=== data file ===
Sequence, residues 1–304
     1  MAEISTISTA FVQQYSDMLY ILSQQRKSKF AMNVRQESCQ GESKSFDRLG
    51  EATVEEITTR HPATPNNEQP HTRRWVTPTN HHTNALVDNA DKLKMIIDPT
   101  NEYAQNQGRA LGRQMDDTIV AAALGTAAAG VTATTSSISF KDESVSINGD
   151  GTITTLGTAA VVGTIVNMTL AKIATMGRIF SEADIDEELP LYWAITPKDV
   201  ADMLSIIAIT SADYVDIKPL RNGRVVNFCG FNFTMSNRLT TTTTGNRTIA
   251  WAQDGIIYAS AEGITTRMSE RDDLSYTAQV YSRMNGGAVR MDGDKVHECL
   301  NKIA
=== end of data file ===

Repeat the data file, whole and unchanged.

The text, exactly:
Sequence, residues 1–304
     1  MAEISTISTA FVQQYSDMLY ILSQQRKSKF AMNVRQESCQ GESKSFDRLG
    51  EATVEEITTR HPATPNNEQP HTRRWVTPTN HHTNALVDNA DKLKMIIDPT
   101  NEYAQNQGRA LGRQMDDTIV AAALGTAAAG VTATTSSISF KDESVSINGD
   151  GTITTLGTAA VVGTIVNMTL AKIATMGRIF SEADIDEELP LYWAITPKDV
   201  ADMLSIIAIT SADYVDIKPL RNGRVVNFCG FNFTMSNRLT TTTTGNRTIA
   251  WAQDGIIYAS AEGITTRMSE RDDLSYTAQV YSRMNGGAVR MDGDKVHECL
   301  NKIA